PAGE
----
Among her many passions was her support of the Art Institute of Chicago. She was a lead donor for the creation of the Modern Wing and endowed the Gary C. and Frances Comer Curator of International Modern Art. For Mayor Daley’s 2011 farewell gala, Francie, close friends of the mayor and his late wife Maggie Daley, suggested a benefit that raised more than $1 million for the Art Institute. Over the years, Francie served as President of the Woman’s Board of the Art Institute and on the Photography and Asian Committees. In addition, she was a member of the Women’s Board of The Lyric Opera of Chicago, The Field Museum, and the University of Chicago.
Francie’s love for Chicago was profound, as was the indelible mark she left on the city. Some of the other recipients of her incredible generosity included the Chicago Recovery Alliance, the Greater Chicago Food Depository, Chicago Childcare Society, and The Field Museum. In 2012, she pioneered the Field Museum’s “Chicago Pageant: A New Canvas,” a sound and light show projected onto the north face of the museum. The pageant celebrated the city’s history, architecture, and people with gigantic images. In 2014, Francie was named one of the top female philanthropists in Chicago by Make It Better Media.
A consummate entertainer and intrepid traveler, Francie adopted an itinerant lifestyle in an effort to learn as much as possible about the world. She had an insatiable thirst for knowledge and was well known for her curiosity, and for discovering new cultures and experiences. Francie found great joy in traveling with her family and friends to the far reaches of the world. An enthusiast of Asia, Francie volunteered with Mother Teresa at her orphanage in India in the 1980s. She made multiple trips to China, Vietnam, Hong Kong, Japan and India throughout her life. She also found peace and relaxation spending time with her family at her summer home of 32 years on Mount Desert Island in Maine. At the time of her death, she was busy planning a family trip to Italy, her beloved homeland.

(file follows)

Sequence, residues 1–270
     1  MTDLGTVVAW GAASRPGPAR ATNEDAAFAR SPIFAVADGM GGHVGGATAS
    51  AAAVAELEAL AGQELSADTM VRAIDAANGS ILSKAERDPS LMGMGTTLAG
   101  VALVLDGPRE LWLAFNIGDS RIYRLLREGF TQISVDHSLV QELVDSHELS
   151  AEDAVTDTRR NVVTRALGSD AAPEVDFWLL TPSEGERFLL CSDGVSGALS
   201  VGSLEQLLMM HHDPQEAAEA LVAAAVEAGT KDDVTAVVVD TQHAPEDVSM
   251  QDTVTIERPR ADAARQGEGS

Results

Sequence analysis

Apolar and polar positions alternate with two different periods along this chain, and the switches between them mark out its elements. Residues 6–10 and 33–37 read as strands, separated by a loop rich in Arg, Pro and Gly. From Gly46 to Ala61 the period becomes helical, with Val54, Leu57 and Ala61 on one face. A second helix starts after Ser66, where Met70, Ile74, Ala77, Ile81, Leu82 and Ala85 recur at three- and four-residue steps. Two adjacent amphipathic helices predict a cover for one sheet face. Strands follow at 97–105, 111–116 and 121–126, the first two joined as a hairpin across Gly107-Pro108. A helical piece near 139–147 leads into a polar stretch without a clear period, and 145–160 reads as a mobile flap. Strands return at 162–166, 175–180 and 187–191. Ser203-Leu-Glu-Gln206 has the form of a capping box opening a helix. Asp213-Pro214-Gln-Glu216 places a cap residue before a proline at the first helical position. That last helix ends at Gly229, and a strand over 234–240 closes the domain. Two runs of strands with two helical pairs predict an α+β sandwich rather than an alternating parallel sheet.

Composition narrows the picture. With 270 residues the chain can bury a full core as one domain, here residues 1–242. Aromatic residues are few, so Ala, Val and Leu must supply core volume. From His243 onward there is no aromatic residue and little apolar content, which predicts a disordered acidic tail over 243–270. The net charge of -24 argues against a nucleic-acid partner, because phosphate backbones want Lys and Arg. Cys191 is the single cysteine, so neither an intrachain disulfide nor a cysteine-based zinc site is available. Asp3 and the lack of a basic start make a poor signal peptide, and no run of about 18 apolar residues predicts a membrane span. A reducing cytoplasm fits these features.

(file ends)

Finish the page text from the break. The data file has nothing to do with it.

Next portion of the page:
Of all of Francie’s accomplishments, her greatest fulfillment came from being a mother to her daughter Stephanie (Rob Craigie) and son Guy (Courtney), of whom she was fiercely proud and protective. For the last 20 years, Francie delighted in time spent with her grandchildren: Siena Craigie, Luca Craigie, Gary Campbell Comer II, Spencer Comer and Clarissa Comer. She never lost interest in the pursuits and passions of young people, engaging in robust debates about politics, books, art, education, music and pop culture. A voracious reader of The New York Times, Francie was looking forward to January 20, 2021, and the inauguration of President-elect Joe Biden. Her final trip with her family was this Thanksgiving, telling stories, laughing and listening to Frank Sinatra.
Francie was preceded in death by her husband, parents, brother Jack Ceraulo, and stepmother Herta Ceraulo. In addition to her children and grandchildren, she is survived by nieces, nephews, and a half-brother, Philip Ceraulo.
Services will be private. In honor of Francie’s wishes, there will be no public memorial. Contributions in her memory may be made to the Gary Comer Youth Center.